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Tyrosine: Precursor of Thyroid Hormones

by Kevin Ahern, PhD
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    00:02 Now, tyrosine is also a precursor of the thyroid hormones.

    00:06 And this is an interesting set of reactions that occur in the cells of our thyroid gland.

    00:11 I'm going to step you through the process and we'll see what happens here.

    00:15 So thyroglobulin is a protein that's necessary for making the thyroid hormones.

    00:20 It literally provides a substrate on which the individual thyroid hormones are synthesized as we can see here.

    00:27 Thyroglobulin synthesis begins in the endoplasmic reticulum.

    00:31 And after it has been made, it is excreted out of the endoplasmic reticulum out of the cell into the extracellular space.

    00:39 And that's the process you see with those pink arrows moving to the left.

    00:43 Thyroglobulins serve as a substrate because sticking off of it are the precursors of what will become the thyroid hormones.

    00:51 Those are those little hexagonal structures that you can see by the secreted protein on the left.

    00:58 The export from the cell, as I said, releases the thyroglobulin out into the extracellular space.

    01:04 So, the synthesis of thyroid hormone is not occurring inside of a cell, it's actually outside the cell where this process occurs.

    01:11 Critical for making the thyroid hormones is the ion iodide.

    01:16 So, iodide is important for the synthesis for the thyroid hormones.

    01:21 Iodide is found in the bloodstream and has to be moved out of the bloodstream into the cell and then ultimately into that extracellular space where it can be joined with the precursors on the thyroglobulin.

    01:33 We see that process happening in this set of reactions.

    01:36 That is first of all the iodide in the blood is grabbed by the sodium-iodide symporter which moves both ions into the cell.

    01:45 We see that happening.

    01:47 After iodide has gotten into the cell, it's then transported out of the cell by another transporter moving everything to the left.

    01:54 This gets the iodide out into the extracellular space as we can see.

    01:58 And the iodide then combines with the precursors that are attached to the thyroglobulin to make the thyroid hormones.

    02:05 We see this iodination process occurring right here.

    02:08 And then after the iodides have been put onto the individual thyroid hormone precursors, that precursor complex with the thyroglobulin is moved back into the cell.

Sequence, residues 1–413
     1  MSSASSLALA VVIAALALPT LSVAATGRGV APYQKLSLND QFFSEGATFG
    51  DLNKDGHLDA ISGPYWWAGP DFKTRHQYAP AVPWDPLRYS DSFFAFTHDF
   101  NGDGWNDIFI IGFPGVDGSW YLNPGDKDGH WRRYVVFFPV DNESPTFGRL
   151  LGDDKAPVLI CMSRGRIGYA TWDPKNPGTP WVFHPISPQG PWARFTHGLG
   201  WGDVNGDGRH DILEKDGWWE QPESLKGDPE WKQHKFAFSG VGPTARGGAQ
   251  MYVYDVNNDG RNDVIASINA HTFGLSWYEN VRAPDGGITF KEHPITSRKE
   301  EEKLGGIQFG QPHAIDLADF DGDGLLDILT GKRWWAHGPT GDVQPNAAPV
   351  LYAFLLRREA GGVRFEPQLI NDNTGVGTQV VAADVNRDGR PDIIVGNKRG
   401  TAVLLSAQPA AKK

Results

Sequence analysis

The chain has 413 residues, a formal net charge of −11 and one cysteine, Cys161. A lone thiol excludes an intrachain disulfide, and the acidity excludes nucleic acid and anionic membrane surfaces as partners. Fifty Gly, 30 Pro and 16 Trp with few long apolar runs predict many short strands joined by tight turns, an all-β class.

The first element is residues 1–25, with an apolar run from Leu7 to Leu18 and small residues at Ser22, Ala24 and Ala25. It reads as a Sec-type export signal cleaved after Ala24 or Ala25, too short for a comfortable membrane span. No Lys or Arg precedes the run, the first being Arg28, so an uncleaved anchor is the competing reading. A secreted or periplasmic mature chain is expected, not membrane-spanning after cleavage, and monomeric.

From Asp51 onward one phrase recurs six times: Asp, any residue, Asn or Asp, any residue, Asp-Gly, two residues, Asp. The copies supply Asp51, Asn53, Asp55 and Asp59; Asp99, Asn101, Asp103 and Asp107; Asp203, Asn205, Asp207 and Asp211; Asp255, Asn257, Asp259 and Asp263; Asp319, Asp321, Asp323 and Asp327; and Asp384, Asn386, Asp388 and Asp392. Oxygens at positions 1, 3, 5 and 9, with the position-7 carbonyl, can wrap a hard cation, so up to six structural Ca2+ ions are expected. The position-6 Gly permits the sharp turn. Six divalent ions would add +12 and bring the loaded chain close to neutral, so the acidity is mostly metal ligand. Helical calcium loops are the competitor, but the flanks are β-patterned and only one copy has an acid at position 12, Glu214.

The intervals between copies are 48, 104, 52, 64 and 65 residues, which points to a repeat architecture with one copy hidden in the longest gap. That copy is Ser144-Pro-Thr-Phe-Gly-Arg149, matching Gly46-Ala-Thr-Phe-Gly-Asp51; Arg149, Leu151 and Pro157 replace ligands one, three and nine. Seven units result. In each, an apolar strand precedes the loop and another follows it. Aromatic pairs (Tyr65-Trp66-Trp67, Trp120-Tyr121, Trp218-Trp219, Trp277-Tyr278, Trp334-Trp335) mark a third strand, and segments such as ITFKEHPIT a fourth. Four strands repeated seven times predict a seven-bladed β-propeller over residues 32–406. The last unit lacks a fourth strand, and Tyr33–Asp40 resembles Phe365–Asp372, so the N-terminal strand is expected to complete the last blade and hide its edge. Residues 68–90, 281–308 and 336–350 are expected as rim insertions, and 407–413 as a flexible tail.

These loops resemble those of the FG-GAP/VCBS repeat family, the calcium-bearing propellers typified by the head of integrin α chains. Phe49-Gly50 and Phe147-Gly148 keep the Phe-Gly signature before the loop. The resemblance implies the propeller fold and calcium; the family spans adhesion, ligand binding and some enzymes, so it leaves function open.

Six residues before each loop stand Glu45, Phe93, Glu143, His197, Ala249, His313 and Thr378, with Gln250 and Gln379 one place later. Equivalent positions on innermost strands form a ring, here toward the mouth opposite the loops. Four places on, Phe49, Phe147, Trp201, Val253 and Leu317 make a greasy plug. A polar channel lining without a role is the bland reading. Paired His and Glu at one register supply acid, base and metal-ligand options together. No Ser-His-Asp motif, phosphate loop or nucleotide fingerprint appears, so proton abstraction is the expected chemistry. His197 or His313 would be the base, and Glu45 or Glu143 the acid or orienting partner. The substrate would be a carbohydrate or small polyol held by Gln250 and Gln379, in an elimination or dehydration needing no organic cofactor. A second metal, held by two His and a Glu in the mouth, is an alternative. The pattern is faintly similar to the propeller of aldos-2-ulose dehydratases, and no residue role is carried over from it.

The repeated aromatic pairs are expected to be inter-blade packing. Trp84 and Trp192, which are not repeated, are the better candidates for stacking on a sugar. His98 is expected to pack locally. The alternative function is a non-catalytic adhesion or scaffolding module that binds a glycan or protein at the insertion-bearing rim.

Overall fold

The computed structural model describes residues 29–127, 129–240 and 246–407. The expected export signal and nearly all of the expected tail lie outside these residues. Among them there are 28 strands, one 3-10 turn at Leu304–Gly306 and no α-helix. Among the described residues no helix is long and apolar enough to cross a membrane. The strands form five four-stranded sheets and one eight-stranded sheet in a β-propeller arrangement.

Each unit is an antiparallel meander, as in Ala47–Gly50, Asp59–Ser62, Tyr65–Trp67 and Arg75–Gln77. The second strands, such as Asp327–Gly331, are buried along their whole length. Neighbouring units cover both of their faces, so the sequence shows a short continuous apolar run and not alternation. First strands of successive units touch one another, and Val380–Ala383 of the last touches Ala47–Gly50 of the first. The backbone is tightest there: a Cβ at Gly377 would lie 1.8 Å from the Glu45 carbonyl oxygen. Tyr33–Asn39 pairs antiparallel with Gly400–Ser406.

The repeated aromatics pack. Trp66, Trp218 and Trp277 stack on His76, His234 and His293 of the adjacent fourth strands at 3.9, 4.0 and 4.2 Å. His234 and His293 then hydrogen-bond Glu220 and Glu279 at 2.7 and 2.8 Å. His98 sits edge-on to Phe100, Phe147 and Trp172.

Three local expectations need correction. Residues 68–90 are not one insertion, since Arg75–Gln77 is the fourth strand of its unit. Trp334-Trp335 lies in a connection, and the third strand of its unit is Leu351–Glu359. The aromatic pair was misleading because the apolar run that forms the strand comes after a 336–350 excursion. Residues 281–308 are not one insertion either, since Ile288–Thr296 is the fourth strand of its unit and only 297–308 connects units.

02:20 Now, the thyroglobulin at the point is broken down.

    02:22 The thyroglobulin is no longer needed and that's happening in the next step as we can see here.

    02:27 And finally, the thyroid hormones are then moved out of the cell and into the bloodstream where they're used by the rest of the body.

    02:35 Now, the thyroid hormones that I was just describing are shown on the screen here.

    02:38 They're known as T3 or triiodothyronine or T4, thyroxine.

    02:44 T3 is actually the more active form of the thyroid hormones but T4 is the more abundant form.

    02:51 T4 is converted into T3 by enzymes known as deiodinases.

    02:55 And by the way, the 3s and 4s describe the number of iodines that are in each of this molecules.

    03:01 We see the difference being that T4 has four and T3 has three.

    03:05 Now an interesting side of that about the deiodinases is that all the ones that are known, all contain that very rare amino acid selenium, saying that amino selenium has some important function involving the removal of iodine from these molecules.

    03:20 Now, tyrosine metabolism is also linked to some other molecules that we've heard of and know of.

    03:25 One of these is melanin.

    03:27 Melanin is known of course for coloring our skin and it's produced by oxidizing and polymerizing tyrosine as we can see here.

    03:36 Now, melanin has a very complicated structure.

    03:39 We're only looking at a part of a melanin molecule in the structure here.

    03:43 We see places where it says additional polymerization and that means more of these molecules can be attached at the places where those arrows actually extend out.